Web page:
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Easing Tensions of Church in Transition

Greek Orthodox Archbishop in U.S. Takes a Conciliatory Approach


A year after a tumultuous and divisive fight that led to the resignation of the American archbishop of the Greek Orthodox Church, his successor appears to have calmed the waters.

Described as fatherly and accessible, Archbishop Demetrios has, at least for now, ended the turmoil that brought down his predecessor, Archbishop Spyridon.

But although the internal battling is over, the underlying issues of the Americanization of a once-immigrant church have not gone away. In an interview, the 72-year-old Demetrios suggested that his approach to handling the knotty issues facing the church may be quite different from Spyridon's.

Among the chief questions facing him are the role of the laity, how the Orthodox should respond to mixed marriages and whether the U.S. church should eventually become self-governing and free from the direct authority of the Mother Church in Istanbul.

Dressed in the traditional black cassock and squared-off kalimafi, or veiled head cover, Demetrios was in Los Angeles this week to deliver an invocation at the Democratic National Convention.

Demetrios was quick to strike a chord of reconciliation with Greek Orthodox laity in America, many of whom had bristled under what they saw as the autocratic nature of Spyridon's three-year tenure. Spyridon was accused by critics of minimizing the role of the laity, ignoring his bishops in forming policy and attempting to reassert Old World trappings and practices in the American church.

A Struggle for Orthodoxy

"The church in America . . . is based on people who have shown to me so far a really amazing willingness to proceed with positive work, creative work, increasing the bonds of love . . . and spreading this love outside the church," Demetrios said.

He added that he has been in "a constant condition of high emotion" because of the "inventiveness" of church members.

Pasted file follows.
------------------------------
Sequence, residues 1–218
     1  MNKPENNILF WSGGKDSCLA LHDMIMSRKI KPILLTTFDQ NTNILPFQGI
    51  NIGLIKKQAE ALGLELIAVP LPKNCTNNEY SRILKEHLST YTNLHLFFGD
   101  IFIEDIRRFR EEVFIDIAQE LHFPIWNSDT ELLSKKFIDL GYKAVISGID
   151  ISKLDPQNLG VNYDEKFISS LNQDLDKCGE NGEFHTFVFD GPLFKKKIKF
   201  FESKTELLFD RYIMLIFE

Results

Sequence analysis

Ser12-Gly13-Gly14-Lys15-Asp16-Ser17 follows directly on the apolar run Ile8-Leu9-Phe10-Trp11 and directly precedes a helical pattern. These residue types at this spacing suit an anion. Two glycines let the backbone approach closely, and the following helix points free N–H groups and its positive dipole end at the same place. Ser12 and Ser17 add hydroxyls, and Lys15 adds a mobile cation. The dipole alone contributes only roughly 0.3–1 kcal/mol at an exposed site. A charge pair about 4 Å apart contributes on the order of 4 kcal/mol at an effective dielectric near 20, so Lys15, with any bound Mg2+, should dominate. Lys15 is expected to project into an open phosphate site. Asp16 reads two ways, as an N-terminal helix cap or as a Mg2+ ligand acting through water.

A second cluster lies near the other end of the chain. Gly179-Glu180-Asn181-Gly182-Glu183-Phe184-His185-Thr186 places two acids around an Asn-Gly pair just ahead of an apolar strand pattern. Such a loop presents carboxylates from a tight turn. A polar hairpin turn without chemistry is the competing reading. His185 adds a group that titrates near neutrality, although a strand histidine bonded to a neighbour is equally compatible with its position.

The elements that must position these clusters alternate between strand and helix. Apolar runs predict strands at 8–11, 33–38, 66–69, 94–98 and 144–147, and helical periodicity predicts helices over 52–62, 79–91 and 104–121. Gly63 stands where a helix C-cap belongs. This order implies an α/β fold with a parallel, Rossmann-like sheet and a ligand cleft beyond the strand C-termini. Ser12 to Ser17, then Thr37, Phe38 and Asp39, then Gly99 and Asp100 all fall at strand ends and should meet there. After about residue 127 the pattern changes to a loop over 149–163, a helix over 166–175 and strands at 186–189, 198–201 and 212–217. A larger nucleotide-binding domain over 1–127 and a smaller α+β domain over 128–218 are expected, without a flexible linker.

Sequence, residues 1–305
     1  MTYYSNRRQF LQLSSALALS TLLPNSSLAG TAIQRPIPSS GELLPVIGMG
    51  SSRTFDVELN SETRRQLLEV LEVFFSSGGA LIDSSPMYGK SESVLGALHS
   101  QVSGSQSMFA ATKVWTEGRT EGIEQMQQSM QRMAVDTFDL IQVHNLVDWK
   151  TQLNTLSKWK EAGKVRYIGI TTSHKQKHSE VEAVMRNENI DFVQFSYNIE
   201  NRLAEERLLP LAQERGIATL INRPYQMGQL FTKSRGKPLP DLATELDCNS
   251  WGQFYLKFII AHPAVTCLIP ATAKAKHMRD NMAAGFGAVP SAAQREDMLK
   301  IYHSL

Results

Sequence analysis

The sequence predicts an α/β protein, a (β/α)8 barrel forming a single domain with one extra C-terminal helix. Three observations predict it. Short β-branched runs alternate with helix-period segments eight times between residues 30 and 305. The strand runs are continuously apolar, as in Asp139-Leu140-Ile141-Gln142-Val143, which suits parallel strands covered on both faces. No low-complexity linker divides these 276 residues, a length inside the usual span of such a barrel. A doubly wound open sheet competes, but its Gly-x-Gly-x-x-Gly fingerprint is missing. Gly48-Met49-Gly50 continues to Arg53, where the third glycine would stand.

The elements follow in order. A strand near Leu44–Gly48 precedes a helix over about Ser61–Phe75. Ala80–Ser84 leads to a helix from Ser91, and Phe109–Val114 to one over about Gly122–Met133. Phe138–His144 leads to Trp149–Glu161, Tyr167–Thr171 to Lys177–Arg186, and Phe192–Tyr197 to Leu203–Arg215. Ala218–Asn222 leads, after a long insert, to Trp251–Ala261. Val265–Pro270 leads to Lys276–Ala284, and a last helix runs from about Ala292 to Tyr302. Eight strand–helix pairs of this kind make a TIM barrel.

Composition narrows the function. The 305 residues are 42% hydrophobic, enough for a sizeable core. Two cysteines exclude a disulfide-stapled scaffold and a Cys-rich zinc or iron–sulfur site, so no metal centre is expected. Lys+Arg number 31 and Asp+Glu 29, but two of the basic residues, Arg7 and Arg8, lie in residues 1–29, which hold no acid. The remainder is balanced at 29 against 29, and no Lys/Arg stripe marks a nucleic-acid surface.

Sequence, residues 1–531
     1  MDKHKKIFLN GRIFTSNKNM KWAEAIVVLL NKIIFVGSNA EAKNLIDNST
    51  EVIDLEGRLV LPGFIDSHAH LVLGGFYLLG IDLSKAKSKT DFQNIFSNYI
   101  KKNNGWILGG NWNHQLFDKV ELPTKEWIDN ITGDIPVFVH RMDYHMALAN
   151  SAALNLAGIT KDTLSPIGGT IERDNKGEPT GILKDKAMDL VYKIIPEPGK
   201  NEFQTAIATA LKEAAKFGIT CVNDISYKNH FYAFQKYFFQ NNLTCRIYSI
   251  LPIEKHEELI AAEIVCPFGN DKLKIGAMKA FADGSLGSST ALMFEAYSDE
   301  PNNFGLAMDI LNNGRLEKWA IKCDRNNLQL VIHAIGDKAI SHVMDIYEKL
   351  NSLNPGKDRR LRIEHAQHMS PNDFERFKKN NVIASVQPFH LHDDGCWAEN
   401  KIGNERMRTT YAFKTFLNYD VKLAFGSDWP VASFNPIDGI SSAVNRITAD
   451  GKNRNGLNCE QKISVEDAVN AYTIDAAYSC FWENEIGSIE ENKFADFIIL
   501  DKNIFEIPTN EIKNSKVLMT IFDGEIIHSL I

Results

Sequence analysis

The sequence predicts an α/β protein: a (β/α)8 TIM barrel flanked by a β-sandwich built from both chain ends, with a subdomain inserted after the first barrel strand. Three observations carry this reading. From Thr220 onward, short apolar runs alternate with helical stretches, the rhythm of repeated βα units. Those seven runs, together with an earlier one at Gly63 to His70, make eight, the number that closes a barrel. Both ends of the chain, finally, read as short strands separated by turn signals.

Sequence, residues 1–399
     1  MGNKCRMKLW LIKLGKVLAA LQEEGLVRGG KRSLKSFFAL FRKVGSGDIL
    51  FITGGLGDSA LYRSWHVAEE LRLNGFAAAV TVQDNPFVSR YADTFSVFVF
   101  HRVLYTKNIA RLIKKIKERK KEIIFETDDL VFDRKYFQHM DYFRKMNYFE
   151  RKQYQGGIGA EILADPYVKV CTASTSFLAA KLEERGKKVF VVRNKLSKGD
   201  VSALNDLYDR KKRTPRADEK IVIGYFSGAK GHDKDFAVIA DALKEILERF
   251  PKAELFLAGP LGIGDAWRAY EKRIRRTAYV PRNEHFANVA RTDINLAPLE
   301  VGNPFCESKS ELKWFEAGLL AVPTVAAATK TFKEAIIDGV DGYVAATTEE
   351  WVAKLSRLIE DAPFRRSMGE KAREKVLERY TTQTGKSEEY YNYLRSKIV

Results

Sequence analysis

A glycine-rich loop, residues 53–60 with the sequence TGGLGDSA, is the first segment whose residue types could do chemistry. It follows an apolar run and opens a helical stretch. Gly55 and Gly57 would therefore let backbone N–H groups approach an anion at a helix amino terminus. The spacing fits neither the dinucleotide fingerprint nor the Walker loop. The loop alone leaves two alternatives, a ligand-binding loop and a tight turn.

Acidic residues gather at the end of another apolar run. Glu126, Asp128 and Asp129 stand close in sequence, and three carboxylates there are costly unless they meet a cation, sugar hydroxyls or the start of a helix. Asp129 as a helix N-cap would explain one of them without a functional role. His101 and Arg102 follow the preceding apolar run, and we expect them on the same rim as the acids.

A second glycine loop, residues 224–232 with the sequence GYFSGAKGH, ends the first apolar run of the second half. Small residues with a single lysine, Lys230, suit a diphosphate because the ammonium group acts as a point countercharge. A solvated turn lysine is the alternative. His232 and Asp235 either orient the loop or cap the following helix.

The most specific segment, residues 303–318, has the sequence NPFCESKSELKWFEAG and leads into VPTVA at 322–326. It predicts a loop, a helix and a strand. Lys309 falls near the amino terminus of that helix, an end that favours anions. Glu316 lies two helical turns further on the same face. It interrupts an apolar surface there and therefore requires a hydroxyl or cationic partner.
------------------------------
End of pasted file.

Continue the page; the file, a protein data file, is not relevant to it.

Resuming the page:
Spyridon appeared to view the Orthodox church as a body in crisis, with its traditions being eroded by an American religious culture that emphasizes individual spirituality rather than obedience to a religious hierarchy. He expressed those views forcefully in an interview last month with the Athens publication Eleftherotypia.

"The struggle of Orthodoxy in America will be both long and hard, if it is to reacquire and preserve its authentic form, by avoiding the ever-increasing influence of the American Protestant spirit, which is becoming constantly more evident in the worship and spiritual life of the faithful," the publication quoted him as saying.

By contrast, Demetrios said that he wants to enhance the role of the laity. "The laity has always been very strong in terms of strength and in terms of presence," Demetrios said. "My effort is to have an enhancement, a qualitative increase, rather than quantitatively," he said.

Similarly, Demetrios said that there can be no turning back from the trend toward mixed marriages--something that has alarmed Greek Orthodox traditionalists.

"The thing that we're trying--because this isn't a thing we can control--is to make mixed marriages not a problem but a blessing," Demetrios said. "God allows or wanted this to happen. Now, how can this thing become an extremely positive element instead of being a problem? This is our effort now."

Inevitably, mixed marriages and the Americanization of the church lead to pressures to become autonomous or self-governing. Currently, Greek Orthodox bishops, like Demetrios, are appointed by the world's ranking Orthodox patriarch, His All Holiness Bartholomew I of Istanbul.

Some Orthodox lay leaders hope that one day there will be a single unified Orthodox Church of America, enfolding the now separate ethnic-based churches.

The historical norm is to have one Orthodox church in each country. In Europe that has essentially meant an ethnic church, such as the Russian Orthodox Church. But in the United States, each Orthodox immigrant group brought along its own church, setting up the anomaly of more than one Orthodox jurisdiction in a single country.

Changing that would require considerable preparation, Demetrios said. First, he said, relations between the separate Orthodox churches in the United States must become closer.

"We need to develop as much as possible a relationship between the Orthodox groups in this country, Greek, Russia, Serbian, and of Lebanese origin," Demetrios said.

Demetrios supported a move in that direction last December when, for the first time, 100 young people and hierarchs from each Orthodox jurisdiction in the United States participated in a service at Holy Trinity Greek Orthodox Cathedral in New York and then spent several hours in dialogue.

Second, Demetrios said, Greek Orthodoxy in the United States must become more "mature from the Orthodox point of view." He did not elaborate on what that would entail.

Optimistic Approach

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